Description of the Greater willowherb continued---

The foliage on the stems of this species are short stalked, relatively broad and toothed with fine soft hairs hence the species name of hirsutum indicating hairs. The flowers are borne singly at the tip of the elongated pod from which the genus name derives. From the Greek epi,meaning upon +lobos indicating a pod.

The petals of the saucer shaped flower are purplish pink with white centers the petals are broad and slightly notched. from the flower colour derive coutry titles for the flower such as codlins and cream {codlins being the old name for apples} Many people state that the flowers and stem have the slight aroma of  scalded apples, personally I have never been able to detect this. 

This species should not be employed as an ingredient for home made herbal preparations for internal use for they could very well cause convulsions and other  unwanted side affects.

The broad leaved willowherb Epilobium montana

photo-Dal

Epilobium montana

The next species of our three common willowherbs is the broad leaved willowherb, a species that tolerates shade and is often found as a garden weed. It is not as troublesome as the other two species in this respect for the roots are shallow, annual and easy to pull up. it is found in woodland, on old walls,waste ground and along the bottom of hedgerows.

Despite its name the foliage is not particularly broad, although they are broader than the previous two species. They are strongly veined and grow opposite to each other along the stem. they are of an oval shape.

The plant is also smaller in height than the former two only reaching 30-75 cm {one to one and a half feet}. the small petals {1cm}  wide are pink with notched petals which in common with the former two species are borne on elongated pods. These pods also split when the seeds are ripe to release their plumed seeds which are carried by the wind great distances from the parent plant.

The elongated pods beginning to split to release the plumed seeds.

photo-Dal

Enchanter's nightshade

Finally a relative of the willowherbs that has a somewhat misleading name of Enchanter's nightshade Circaea lutetana which despite its name is not a nightshade but a member of the willowherb family Onagraceae.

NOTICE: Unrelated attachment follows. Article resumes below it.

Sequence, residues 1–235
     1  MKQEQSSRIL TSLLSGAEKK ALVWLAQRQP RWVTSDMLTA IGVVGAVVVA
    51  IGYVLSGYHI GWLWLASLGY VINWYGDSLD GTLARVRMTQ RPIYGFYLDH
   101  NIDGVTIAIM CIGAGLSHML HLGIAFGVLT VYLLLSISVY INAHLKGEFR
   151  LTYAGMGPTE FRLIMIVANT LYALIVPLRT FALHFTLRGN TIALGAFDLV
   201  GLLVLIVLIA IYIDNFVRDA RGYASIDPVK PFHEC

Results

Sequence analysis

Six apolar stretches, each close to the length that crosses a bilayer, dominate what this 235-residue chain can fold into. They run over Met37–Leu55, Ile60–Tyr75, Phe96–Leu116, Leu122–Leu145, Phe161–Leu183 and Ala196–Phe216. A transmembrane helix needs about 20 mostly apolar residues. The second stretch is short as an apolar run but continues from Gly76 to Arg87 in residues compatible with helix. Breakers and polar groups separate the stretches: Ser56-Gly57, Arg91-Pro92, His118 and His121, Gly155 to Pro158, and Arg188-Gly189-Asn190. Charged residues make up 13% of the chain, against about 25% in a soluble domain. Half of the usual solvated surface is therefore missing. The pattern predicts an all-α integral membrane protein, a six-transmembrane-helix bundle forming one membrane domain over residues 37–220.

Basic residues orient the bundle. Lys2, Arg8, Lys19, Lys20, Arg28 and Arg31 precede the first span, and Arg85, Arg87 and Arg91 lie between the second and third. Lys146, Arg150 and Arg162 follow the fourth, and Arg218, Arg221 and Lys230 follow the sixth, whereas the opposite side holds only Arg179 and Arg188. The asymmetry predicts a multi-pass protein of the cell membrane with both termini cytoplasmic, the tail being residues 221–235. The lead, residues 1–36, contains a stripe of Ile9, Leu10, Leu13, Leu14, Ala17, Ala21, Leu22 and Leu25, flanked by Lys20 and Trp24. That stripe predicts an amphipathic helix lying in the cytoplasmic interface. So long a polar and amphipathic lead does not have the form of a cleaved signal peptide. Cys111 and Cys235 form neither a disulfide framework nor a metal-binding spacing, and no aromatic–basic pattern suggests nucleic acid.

This low growing plant 20-60 cm prefers shade and produces tiny white flowers 4-7 mm wide, which appear in loose spikes at the top of the flowering stem, they have rosy pink anthers which give the flower head a reddish tinge. They may be encountered from June until August.  

Enchanters nightshade prefers shady situations.

photo-Dal

Enchanter's nightshade foliage.

The flowering stem is leaf-less. The leaves which are numerous at the base of the stem are elliptical with barely toothed margins. They grow opposite to each other and are noticeably veined. The plant may be encountered in the dark shady corners of woodland gardens and pathways.

There are nine species of willowherb that occur in the UK but the four reviewed are the ones most likely to be encountered during a stroll in to the countryside.  Other speciesd are much more scarce or specialised in habitat, for example the chickweed willowherb Epilobium alsinifolium is only found in certain regions of northern England such as the Lancaster region of Lancashire and five regions of Cumbria.  

Reuse of images.

The images on this page may be reused. However, the name of the author must be attributed along with any accompanying license.

Associated pages. Click on the contents banner at the top of this page. Scroll down to view.

Other plant species on this web site may be found grouped together. See the content banners on the right of the this page.

Wild herb advise.

Flora via links. Click on the links banner at the top of this page  scroll down to relevant box. Click, this is a direct link to the article.{s}. Includes the series Past and Present Medicinal Uses.

Flora via your search bar. 

                                Thank you for visiting.